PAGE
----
I am slowly but surely closing in the gaps in my board game collection. A lot of the games I owned played up to 4 people, so I have been looking for games that play more. In addition, up until recently, I didn’t own a single game that could be easily packed or transported for trips. Since my wife and I live halfway across the country from our respective families, board games that cannot be transported are games I can’t share with them. Luckily, there’s a travel edition for that!
For Sale (Travel Edition)
For Sale is a property management game for between 3 and 6 players. Your goal is to earn the most money you can through the acquisition of property at auction, and then selling them for a profit. The travel edition of For Sale includes two decks, one for the properties, the other for the sale of those properties. The property deck has 30 cards with values of 1 to 30. There are no duplicate properties. Higher values are worth more in the second phase of the game, lower values are worth less, although there are strategies to mitigate that. The money deck also includes 30 cards, but the values range from $0 to $15,000 and there are two of each value (there are no $1,000 cards in the money deck). Also included is a number of $1,000 and $2,000 tokens for each players’ starting money.
Mechanically, the game works like this:
A number of cards (based on the number of players) is removed from each deck and set aside. These cards are anonymous (so players don’t know what properties or money cards are in play) and this step is to make sure that both decks are divisible by the number of players. Likewise, players receive starting money tokens based on the number of players. From there, the property and money decks are each shuffled. The money deck is set aside for now. A number of cards are drawn from the top of the property deck equal to the number of players and arranged in increasing value. This is the property auction. The starting player then decides how much he is willing to pay for the highest ranking property card currently on auction. Play rotates to the left, and the next player has an opportunity to out-bid the first player. Once play has returned to the first player, he/she can then choose to continue bidding or to drop out of the auction. If they drop out, they take the lowest value property card on auction, but pay only half of their bid to the bank (round down). Likewise, the first player can choose not to open bidding and take the lowest value card for nothing, but in reality, bidding $1,000 nets you no loss because of the rounding, so if you have the money, you should always start with $1,000 just to see what the other players are doing. Essentially, you are bidding to not take the lowest card on auction.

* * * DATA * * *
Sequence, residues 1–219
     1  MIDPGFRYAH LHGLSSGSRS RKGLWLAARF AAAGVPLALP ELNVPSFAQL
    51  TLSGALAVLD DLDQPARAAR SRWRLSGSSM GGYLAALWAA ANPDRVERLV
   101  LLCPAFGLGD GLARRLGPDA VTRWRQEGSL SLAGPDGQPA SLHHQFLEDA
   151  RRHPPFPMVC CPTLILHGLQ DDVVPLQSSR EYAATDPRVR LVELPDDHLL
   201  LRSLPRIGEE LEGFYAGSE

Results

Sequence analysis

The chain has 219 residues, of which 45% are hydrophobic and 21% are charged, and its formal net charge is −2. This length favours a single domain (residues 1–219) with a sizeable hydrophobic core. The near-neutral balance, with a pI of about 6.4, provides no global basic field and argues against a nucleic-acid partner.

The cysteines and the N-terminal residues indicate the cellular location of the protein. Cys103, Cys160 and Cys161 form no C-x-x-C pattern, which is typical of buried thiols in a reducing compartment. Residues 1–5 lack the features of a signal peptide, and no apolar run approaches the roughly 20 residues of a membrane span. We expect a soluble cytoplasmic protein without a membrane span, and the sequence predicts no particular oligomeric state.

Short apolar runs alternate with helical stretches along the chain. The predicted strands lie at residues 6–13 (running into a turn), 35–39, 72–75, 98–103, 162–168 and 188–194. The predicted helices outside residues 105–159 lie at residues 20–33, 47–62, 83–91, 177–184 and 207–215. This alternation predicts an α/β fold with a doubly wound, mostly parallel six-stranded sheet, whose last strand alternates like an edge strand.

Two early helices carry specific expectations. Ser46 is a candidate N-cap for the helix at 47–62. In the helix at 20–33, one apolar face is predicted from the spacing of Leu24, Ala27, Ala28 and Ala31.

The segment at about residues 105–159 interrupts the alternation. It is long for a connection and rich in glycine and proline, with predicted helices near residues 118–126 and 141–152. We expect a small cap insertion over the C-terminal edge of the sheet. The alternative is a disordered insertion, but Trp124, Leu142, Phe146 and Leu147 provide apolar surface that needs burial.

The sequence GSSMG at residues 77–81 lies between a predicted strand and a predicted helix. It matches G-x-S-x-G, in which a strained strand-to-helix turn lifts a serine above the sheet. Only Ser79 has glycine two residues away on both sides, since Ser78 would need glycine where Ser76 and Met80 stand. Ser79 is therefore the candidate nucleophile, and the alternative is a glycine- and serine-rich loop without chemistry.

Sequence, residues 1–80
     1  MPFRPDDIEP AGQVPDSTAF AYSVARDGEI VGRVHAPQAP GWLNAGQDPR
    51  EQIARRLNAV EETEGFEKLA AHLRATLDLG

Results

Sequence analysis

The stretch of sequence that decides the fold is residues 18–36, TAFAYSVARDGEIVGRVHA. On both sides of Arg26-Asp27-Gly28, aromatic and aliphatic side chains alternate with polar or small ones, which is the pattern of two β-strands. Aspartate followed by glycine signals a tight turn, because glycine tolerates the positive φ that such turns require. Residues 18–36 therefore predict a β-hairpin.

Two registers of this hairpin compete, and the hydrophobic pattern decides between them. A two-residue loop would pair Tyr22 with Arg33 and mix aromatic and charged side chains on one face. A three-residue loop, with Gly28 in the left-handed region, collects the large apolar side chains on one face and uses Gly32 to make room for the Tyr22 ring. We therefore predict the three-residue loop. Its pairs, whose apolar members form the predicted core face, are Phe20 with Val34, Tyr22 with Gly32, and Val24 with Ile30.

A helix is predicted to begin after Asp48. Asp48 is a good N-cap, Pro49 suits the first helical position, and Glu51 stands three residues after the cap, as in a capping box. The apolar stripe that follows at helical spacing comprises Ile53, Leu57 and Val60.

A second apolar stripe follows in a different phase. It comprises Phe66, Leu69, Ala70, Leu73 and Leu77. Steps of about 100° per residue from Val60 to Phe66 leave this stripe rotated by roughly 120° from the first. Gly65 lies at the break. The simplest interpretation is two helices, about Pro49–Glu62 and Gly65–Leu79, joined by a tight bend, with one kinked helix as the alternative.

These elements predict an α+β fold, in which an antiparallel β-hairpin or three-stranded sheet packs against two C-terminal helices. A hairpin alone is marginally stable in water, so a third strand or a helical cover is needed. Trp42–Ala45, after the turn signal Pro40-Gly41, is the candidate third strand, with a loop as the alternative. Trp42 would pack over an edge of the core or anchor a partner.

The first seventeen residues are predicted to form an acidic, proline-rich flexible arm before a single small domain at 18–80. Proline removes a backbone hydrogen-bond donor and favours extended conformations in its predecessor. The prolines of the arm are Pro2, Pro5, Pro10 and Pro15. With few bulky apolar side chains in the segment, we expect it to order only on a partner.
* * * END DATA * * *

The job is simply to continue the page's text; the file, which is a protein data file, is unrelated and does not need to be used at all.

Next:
Bidding continues until all players but one have dropped out or can’t afford to continue. The “winner” of the auction pays the full price to the bank and takes the highest card, while every player that dropped out or couldn’t continue pays only half of their bid and takes the lowest value property (whatever is lowest when they dropped out of the bidding). Players take their respective property cards and place them face down in front of them. A new auction is set up from the property deck and bidding continues until there are no cards left in this deck. By the end of the first phase, all players should have between 5 (6 players) and 8 (3 players) property cards in their hand. The second phase of the game begins at this point.
A number of cards are drawn from the top of the money deck equal to the number of players and arranged in increasing value (the same way the property cards were drawn in phase one). Players then secretly select a property from their hand based on that spread of money available. The lowest value property card matches with the lowest value money card; therefore, it is very important to select an appropriate card. If one of the $0 money cards is in play, and you have the cardboard box property card in your hand (its value is 1), you probably don’t want to play it at that point, because you’re guaranteed to get $0 for it. On the other hand, if the lowest value money card on the board is $10,000 and you have that cardboard box, now is the time to play it because you’re guaranteed to get $10,000 for it. This is the part that hangs up most people and is what takes a few rounds to really understand. You’re not guaranteed to get a low return on investment for a low value property.
Sale of property continues until all properties have been liquidated. Players then add up the money tokens left over from phase one (property purchasing) and the money earned from phase two (liquidating the properties). The player with the most money wins.
For Sale is easy to play, it’s fast, and plays up to 6 people. Because a round can be played in 15 minutes by a group that knows the rules, this is a great game to fill in the gaps when you’re waiting for another group to get done with their game or to play a couple rounds before dinner. The travel edition can be found on Amazon for less than $15 and I plan on bringing it with me whenever I travel somewhere I expect to hang with people who play board games.
- 2016 Games in Review
- Update: Stormgate